Gene for p-Coumarate Knock Down
Lignin, an abundant polymer of vascular plants that provides structural integrity to the plant cell wall, is the second most abundant polymer on earth and critical to the strength and survival of terrestrial plants. Unfortunately, its mechanical strength and resistance to chemical degradation, which is so essential for plant health, are problematic when trying to use plants as feedstocks for certain industrial and feed applications.
Michigan State University (MSU), in collaboration with the University of Wisconsin and the University of British Columbia, has developed a suite of technologies for the genetic engineering of a new type of modified lignin plants. The modified plants have normal amounts of lignin that is easily extracted under mildly alkaline conditions. Unlike many prior attempts at lignin modification, this altered lignin will function properly in the cell wall, thus maintaining critical functions in the plant and avoiding adverse effects on crop growth and yield.
These particular inventions relate to a strategy for incorporation of a novel chemical, coniferyl ferulate, into lignin. Coniferyl ferulate introduces an ester bond between the lignin and cellulose that is easy to cleave using alkaline chemicals. As a consequence, crops and plant materials with this modification would be better feedstocks for the extraction of cellulose and other polysaccharide polymers for use in pulp and paper production and cellulosic biomass-based biofuels.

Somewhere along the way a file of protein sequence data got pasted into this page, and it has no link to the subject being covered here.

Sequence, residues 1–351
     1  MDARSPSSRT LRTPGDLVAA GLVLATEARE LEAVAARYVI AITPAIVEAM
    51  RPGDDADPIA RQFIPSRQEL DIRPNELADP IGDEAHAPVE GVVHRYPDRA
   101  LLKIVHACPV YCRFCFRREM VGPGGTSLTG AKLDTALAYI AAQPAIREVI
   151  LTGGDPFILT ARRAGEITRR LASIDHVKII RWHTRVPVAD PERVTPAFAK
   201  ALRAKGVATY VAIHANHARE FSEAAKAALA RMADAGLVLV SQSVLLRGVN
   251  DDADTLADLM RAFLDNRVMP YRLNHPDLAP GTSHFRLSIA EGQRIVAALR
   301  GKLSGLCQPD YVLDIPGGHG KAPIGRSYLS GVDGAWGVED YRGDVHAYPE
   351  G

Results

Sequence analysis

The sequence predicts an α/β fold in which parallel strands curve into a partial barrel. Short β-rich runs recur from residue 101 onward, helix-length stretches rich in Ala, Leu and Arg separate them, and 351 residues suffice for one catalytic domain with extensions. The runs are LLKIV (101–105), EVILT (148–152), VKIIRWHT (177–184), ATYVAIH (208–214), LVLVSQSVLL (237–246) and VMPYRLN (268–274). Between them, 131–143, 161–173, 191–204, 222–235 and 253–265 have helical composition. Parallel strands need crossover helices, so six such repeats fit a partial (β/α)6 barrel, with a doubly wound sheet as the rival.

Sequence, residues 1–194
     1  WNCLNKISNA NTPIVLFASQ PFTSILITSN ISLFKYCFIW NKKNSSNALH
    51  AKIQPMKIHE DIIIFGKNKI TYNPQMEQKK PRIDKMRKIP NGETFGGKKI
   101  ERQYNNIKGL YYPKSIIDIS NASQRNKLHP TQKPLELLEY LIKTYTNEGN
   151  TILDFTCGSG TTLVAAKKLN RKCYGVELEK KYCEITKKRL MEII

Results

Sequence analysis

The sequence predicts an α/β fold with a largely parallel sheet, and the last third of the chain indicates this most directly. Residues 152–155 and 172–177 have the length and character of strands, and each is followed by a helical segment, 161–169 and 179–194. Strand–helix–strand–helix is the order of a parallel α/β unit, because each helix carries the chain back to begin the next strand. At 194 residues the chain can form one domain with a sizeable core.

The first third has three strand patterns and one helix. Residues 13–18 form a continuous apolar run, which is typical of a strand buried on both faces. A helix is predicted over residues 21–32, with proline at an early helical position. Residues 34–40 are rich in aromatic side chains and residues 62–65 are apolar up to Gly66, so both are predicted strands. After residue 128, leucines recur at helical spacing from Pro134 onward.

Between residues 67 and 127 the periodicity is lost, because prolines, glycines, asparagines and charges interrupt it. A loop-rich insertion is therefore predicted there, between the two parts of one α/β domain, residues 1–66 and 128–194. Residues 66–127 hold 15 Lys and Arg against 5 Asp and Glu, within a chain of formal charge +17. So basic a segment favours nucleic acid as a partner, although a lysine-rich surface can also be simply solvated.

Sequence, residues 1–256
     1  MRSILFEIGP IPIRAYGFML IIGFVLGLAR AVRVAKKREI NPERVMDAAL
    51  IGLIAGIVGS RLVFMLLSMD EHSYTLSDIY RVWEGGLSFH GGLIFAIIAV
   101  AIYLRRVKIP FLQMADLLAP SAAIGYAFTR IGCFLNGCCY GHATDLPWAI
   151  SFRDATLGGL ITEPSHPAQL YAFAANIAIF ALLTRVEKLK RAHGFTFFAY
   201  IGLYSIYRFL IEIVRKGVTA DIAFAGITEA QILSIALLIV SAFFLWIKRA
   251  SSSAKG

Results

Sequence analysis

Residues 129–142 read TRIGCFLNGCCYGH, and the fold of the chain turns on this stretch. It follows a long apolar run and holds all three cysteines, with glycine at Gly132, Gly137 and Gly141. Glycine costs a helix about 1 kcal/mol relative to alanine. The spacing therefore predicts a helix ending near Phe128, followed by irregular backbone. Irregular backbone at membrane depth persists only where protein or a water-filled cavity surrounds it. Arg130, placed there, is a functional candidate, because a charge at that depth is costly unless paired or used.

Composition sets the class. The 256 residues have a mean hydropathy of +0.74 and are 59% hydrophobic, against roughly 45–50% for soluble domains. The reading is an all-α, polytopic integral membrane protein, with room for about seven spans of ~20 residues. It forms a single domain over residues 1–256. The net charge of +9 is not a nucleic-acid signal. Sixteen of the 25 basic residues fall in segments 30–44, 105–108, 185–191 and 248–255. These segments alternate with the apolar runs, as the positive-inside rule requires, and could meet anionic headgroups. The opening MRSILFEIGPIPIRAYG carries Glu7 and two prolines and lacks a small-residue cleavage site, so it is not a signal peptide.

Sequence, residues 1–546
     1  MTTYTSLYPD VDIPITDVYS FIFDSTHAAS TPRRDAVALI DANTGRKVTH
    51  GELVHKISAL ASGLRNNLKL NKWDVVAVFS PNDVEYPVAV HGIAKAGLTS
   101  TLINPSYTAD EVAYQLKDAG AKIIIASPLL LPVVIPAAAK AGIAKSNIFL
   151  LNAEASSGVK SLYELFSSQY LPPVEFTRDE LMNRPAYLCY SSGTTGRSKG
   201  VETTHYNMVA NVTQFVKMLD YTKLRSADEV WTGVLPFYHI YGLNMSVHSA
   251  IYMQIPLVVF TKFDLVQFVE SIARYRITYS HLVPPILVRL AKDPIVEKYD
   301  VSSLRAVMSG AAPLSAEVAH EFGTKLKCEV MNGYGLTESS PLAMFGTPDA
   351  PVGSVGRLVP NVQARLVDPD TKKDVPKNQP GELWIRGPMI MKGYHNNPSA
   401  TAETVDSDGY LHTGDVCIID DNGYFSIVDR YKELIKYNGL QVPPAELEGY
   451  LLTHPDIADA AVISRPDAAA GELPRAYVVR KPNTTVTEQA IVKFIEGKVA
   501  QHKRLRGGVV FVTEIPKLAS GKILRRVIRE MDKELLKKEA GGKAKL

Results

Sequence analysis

MSU is offering genes and enzymes for incorporation of coniferyl ferulate into lignin. Additionally, a gene for use in blocking a side pathway present in grasses is available. This gene may be used to block this pathway, thereby diverting more substrate to an engineered coniferyl ferulate pathway in grasses. The coniferyl ferulate genes have been validated in a model system and are currently being tested in poplar.
Improved feedstock for pulp and paper production: Transgenic trees with coniferyl-ferulate modified lignin have the potential to provide a substantially better feedstock for use in the Kraft process. It is expected that the altered lignin will reduce both energy and chemical requirements for pulping.
Better cellulosic biomass feedstock: Wood, dedicated energy crops, or crop residues with altered lignin could serve as better feedstocks for cellulosic biofuels by providing less expensive and more efficient extraction of fermentable sugars, particularly in processes involving ammonia or other alkaline pretreatment. It is expected that the altered lignin will reduce energy and chemical and enzyme requirements for biomass processing.
Improved lignin polymer extracts: Improved lignin may be extracted as longer polymers, which makes the improved lignin useful as a chemical substrate for carbon fiber production and other uses.
- Improved feedstock for pulp and paper production
- Better cellulosic biomass feedstock
- Improved lignin polymer extracts
- Feedstock for Kraft process for pulp and paper, Feedstock for cellulosic biomass biofuels, Lignin polymer production
Thomas Herlache Assistant Director Michigan State University email@example.com